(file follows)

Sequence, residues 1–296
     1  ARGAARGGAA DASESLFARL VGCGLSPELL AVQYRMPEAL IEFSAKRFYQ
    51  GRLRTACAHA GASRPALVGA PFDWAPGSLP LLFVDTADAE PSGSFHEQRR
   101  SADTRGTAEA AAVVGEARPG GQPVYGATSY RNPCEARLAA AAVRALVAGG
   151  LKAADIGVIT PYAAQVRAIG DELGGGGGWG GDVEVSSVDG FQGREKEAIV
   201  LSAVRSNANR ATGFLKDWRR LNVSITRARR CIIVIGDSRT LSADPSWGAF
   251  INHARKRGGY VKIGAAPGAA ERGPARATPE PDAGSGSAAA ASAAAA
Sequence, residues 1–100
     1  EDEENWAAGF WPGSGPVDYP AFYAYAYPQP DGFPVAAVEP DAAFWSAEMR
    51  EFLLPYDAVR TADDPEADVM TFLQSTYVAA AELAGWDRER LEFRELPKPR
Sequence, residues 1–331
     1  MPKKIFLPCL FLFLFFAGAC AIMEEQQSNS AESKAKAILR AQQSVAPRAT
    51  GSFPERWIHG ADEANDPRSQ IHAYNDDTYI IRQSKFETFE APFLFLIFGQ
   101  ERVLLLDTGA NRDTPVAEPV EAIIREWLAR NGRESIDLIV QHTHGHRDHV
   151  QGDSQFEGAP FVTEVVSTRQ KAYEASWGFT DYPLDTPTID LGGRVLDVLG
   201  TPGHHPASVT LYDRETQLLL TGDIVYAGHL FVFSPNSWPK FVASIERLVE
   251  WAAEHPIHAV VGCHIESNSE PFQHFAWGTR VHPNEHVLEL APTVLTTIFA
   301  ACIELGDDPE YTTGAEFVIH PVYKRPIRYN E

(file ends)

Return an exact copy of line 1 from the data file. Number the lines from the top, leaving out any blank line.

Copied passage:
Sequence, residues 1–296